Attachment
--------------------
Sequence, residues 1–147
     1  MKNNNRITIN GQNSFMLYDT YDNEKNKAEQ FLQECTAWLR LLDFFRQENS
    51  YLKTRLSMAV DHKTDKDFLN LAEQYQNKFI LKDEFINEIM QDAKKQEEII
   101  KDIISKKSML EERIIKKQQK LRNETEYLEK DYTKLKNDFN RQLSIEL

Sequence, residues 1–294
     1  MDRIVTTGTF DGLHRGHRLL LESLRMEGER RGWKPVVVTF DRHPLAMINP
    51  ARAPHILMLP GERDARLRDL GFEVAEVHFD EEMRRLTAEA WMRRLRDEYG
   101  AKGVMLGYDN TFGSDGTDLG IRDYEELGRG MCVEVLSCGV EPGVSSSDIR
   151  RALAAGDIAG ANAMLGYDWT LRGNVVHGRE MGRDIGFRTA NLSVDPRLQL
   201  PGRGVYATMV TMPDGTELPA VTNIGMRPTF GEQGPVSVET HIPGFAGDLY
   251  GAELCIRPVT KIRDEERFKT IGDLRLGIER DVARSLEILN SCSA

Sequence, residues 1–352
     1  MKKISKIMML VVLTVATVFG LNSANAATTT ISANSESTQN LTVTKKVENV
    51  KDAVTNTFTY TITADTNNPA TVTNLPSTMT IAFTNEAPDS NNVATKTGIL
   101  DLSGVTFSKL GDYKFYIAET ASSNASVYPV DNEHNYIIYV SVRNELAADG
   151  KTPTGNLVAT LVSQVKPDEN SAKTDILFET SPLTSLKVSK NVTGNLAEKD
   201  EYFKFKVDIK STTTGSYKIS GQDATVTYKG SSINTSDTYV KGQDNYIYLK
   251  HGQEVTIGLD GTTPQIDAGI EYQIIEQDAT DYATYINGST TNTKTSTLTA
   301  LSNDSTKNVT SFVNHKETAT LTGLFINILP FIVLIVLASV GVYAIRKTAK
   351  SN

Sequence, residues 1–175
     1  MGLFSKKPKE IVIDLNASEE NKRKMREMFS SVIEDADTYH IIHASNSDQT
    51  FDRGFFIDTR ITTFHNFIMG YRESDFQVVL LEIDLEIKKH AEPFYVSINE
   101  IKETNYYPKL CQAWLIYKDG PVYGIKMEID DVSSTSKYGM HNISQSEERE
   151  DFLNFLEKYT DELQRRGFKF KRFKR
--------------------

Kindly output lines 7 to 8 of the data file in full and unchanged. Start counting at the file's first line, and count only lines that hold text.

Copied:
    51  ARAPHILMLP GERDARLRDL GFEVAEVHFD EEMRRLTAEA WMRRLRDEYG
   101  AKGVMLGYDN TFGSDGTDLG IRDYEELGRG MCVEVLSCGV EPGVSSSDIR